A local ban on covering your face in public has moved one step closer to becoming law in southern Switzerland. The move would effectively outlaw burkas and niqabs.
In September 2013, voters in the Italian-speaking canton of Ticino approved a proposal to what’s been dubbed a “burka ban”. The parliament there gave the new law the green light on Monday.
The ban has been problematic to implement however. Parliament has now agreed to create different laws that separate the regulation of burkas and niqabs from full-face helmets or face scarves worn at demonstrations or sporting events. The law on burkas and niqabs also includes provisions aimed at promoting integration and social interaction.
Violation of the potential new law on face-coverings could incur a fine of CHF100 - 10,000 ($98 – $9,819).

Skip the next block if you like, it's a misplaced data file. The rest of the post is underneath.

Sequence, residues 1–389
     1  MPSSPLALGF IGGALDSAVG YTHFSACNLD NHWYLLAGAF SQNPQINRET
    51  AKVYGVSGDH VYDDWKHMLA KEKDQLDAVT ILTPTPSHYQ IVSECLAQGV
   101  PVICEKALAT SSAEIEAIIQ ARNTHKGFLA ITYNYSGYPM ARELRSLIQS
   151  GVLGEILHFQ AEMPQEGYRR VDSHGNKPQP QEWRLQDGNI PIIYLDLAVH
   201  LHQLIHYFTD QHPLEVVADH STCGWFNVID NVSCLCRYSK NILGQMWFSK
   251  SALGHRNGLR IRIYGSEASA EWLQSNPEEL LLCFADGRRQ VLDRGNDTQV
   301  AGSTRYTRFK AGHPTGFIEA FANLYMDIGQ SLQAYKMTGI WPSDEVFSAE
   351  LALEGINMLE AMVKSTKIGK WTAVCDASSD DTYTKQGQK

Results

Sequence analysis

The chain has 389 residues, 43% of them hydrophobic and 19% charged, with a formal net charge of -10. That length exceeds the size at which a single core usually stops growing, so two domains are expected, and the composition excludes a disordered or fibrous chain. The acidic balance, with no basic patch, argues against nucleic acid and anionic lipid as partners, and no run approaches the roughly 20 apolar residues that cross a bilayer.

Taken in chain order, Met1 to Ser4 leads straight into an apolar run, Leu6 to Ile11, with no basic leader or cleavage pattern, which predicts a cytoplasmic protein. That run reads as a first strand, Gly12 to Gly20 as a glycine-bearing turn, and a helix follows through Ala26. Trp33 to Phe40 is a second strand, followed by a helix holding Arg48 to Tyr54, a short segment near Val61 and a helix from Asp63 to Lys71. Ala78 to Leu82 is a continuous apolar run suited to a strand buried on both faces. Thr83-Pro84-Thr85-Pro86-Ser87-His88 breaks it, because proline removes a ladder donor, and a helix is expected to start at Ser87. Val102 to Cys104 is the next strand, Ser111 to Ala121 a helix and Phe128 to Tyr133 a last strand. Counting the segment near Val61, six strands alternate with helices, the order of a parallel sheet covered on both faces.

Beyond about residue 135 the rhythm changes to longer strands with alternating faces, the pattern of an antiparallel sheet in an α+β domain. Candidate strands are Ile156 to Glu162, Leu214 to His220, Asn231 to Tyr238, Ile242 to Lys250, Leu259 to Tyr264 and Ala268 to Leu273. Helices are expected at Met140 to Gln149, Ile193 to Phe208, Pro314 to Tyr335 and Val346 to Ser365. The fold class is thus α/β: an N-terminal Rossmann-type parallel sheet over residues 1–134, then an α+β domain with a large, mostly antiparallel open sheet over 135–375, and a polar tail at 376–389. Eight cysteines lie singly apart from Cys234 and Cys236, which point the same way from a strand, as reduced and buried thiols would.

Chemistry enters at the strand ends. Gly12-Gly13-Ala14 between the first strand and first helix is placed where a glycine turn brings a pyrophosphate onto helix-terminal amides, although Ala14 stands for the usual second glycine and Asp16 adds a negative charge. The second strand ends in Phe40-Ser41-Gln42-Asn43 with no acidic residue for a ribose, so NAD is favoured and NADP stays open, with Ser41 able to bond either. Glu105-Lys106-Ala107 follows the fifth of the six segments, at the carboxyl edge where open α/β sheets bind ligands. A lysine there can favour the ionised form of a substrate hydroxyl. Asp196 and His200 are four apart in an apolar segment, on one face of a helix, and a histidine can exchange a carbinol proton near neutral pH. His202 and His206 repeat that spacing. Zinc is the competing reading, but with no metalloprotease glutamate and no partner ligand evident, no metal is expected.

The tourism industry in Ticino has been fearful of the repercussions on their business. There will be no exceptions made for visitors to the area, but people will be informed of the ban at the airport or at customs points. The hope is to prevent an unpleasant surprise for those who wear full-face veils upon arrival in Ticino.
The local government still has to schedule when the law will come into force. Symptomatic of the difficulties of bringing the law into practice, a parliamentary motion calling for a set date for this to happen was turned down.
The law on banning burkas and niqabs took inspiration from the political right in France. The European Court of Human Rights confirmed the French “burka ban” was legal in July 2014.
In Switzerland, the concept has also attracted a lot of attention, some criticism and some praise. The Swiss cabinet deemed the ban in Ticino to be compliant with law, despite judging it to be largely unnecessary due to the small number of people who cover their faces for religious reasons in Switzerland.
A group of rightwing politicians in Switzerland are currently campaigning for a public vote on a national ban on burkas and niqabs.
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